Privacy has become a buzzword across the globe in the recent past with various nations having to reevaluate the rights their citizens’ information had in the midst of the boom of the data wars. From the General Data Protection Regulations (GDPR) in the EU to the Puttaswamy case in India, across the globe, the Right to Privacy has been thrown into the spotlight. Its relevance only grows with corporations both large and small mining information from users across platforms. Privacy has thus become the need of the hour, and the privacy that the Dark Web provides has been one its biggest USPs. It has harbored anyone one requiring the shield of privacy including political whistleblowers who have in the past have released vital information on violations against citizens in both tyrannical regimes as well as in democracies. Edward Snowden, whose claim to infamy was indeed surrounding privacy and surveillance, had used and still continues to use the Dark Web to ensure the protection of any communications from his location, which is a Moscow airport terminal.

In the age of #FakeNews  targeting the journalism community, the need to protect the private Tor gateway that many journalists use to protect their sensitive information seems to be of paramount importance. But despite what the creators of the Tor would like to believe, the bulk of the active traffic (which differs from the actual number of sites present) in the aforementioned “illegal” branch of the Dark Web is predominantly is that of child pornography distribution.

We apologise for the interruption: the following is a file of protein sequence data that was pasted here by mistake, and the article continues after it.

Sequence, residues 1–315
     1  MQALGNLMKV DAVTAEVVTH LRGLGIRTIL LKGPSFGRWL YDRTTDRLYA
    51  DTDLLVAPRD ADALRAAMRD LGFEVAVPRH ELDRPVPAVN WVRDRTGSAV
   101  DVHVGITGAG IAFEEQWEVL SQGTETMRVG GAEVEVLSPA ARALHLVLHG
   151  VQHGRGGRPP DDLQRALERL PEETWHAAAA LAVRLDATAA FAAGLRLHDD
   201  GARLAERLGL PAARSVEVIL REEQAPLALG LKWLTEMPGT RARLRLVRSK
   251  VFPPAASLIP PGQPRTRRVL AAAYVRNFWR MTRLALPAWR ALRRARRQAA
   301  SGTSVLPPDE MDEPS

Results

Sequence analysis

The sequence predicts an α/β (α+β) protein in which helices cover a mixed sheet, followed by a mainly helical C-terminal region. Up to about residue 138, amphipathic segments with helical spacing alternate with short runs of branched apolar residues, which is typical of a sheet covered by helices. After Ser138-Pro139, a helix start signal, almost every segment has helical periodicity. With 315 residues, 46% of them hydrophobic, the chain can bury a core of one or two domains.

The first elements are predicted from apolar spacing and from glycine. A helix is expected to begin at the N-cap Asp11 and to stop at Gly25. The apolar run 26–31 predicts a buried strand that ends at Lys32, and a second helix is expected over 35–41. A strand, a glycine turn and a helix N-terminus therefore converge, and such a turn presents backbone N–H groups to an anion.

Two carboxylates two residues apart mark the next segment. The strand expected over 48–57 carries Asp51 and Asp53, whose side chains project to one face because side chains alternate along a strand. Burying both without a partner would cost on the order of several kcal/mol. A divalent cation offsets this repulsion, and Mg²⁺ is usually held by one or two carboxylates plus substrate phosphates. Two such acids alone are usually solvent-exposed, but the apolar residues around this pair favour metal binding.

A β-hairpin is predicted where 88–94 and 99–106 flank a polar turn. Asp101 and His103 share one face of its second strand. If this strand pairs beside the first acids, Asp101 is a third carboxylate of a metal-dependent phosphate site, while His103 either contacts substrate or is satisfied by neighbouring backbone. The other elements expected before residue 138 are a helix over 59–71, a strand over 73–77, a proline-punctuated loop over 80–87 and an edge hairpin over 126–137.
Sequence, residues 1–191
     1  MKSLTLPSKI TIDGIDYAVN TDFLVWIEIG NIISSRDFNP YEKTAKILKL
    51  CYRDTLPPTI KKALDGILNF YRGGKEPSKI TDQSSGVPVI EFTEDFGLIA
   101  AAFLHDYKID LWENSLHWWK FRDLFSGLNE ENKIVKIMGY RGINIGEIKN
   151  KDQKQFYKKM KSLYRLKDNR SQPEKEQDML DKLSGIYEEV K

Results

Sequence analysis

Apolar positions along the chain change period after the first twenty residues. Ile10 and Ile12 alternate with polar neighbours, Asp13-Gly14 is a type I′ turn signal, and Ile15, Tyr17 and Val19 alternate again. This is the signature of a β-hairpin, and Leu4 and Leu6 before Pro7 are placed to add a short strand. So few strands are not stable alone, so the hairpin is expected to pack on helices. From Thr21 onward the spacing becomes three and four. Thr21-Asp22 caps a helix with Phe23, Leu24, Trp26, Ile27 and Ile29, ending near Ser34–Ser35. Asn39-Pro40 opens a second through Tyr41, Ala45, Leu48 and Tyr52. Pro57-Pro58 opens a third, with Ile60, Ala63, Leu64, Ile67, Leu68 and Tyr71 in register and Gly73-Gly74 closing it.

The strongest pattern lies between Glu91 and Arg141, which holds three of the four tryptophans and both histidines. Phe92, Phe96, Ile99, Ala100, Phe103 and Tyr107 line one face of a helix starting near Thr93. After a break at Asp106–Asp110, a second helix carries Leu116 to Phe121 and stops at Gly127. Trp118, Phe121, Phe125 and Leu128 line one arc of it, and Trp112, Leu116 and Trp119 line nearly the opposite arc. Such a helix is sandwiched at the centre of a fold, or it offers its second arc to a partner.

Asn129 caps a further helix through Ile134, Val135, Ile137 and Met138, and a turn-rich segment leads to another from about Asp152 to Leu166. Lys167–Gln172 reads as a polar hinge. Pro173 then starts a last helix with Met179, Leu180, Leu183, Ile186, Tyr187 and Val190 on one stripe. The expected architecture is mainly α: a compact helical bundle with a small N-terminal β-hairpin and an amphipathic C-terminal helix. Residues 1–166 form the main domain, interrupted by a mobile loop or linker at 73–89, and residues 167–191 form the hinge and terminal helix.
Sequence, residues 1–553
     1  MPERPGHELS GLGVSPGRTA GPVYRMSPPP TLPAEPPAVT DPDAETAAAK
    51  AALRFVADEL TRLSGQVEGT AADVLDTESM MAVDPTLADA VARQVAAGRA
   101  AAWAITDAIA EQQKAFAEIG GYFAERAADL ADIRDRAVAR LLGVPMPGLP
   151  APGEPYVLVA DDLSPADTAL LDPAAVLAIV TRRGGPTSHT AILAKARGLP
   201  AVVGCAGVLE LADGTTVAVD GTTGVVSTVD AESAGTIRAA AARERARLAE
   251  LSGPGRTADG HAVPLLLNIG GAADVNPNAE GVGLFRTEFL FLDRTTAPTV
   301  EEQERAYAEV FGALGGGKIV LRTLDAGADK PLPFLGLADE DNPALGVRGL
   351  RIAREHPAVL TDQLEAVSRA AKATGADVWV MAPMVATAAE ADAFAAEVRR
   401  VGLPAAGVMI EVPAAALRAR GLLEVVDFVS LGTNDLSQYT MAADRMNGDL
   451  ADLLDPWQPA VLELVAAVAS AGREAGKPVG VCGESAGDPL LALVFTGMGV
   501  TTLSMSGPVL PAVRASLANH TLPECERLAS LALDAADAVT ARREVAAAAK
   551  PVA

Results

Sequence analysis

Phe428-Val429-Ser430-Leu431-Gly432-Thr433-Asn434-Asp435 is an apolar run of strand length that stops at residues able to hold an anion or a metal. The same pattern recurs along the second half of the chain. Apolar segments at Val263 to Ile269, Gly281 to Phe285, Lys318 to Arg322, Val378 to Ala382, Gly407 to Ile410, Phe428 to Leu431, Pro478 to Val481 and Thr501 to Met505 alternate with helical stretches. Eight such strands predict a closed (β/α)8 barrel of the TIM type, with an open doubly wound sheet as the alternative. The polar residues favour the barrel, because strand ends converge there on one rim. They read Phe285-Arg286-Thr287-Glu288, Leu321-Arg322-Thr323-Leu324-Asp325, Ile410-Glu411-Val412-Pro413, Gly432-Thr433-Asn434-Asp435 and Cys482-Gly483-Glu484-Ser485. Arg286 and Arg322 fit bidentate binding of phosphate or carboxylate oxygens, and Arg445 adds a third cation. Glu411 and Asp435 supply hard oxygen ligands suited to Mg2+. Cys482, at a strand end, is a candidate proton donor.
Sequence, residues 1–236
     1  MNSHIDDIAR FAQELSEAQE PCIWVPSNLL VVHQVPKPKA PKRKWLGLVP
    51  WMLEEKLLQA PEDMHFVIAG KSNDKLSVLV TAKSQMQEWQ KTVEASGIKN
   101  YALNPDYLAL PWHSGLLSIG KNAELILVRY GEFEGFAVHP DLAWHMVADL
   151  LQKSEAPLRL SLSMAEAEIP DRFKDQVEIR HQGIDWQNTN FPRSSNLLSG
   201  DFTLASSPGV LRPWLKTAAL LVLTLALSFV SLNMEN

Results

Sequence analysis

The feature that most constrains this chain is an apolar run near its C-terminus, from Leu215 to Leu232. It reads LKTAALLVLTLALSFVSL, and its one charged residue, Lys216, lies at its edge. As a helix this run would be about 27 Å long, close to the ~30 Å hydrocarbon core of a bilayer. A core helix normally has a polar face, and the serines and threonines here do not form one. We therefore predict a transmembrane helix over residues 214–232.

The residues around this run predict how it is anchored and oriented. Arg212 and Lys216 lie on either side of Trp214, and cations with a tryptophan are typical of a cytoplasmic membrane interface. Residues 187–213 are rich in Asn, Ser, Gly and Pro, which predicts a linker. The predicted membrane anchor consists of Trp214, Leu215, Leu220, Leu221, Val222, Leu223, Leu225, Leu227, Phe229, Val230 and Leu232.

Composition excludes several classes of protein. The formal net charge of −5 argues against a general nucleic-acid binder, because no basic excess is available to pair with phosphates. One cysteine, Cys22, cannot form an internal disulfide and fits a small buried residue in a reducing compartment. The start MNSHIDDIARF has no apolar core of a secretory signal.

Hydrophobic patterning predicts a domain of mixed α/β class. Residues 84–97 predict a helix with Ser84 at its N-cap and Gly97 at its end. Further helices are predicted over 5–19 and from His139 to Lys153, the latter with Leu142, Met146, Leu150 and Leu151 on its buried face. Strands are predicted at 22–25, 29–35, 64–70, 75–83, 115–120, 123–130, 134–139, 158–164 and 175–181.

However, this might not bode the end of the privacy sphere as created by the Tor within the Dark Web. Using the same logic as used by the USDD, given that the increased activity of child pornography and abuse sites is a known factor, it becomes easier for authorities to single out threads of heightened activity within the Dark Web without compromising its integral cloak of privacy. This tactic has been successfully used by the American FBI in the Playpen case where it  singled out the thread of rapid activity created by a  website called Playpen which had over 200,000 active accounts that participated in the creating and viewing of child pornography. The FBI singled out the traffic for this site due to its dynamic activity and once the source of the activity was precisely determined, the FBI in a unprecedented move extracted the Playpen website from the Dark Web onto a federal server and then were able to access the IP addresses of over a 1000 users who were then prosecuted, with the creator of the site having received 30 years of jailtime. This was all done without the privacy of other Tor users being breached.

Thus, whilst Hamlet’s existential question may not have a middle ground to settle on, the status of regulations on the Dark Web could be established by using the past precedent and by using better non-invasive surveillance methods along with international cooperation, in order to respect its true intended purpose.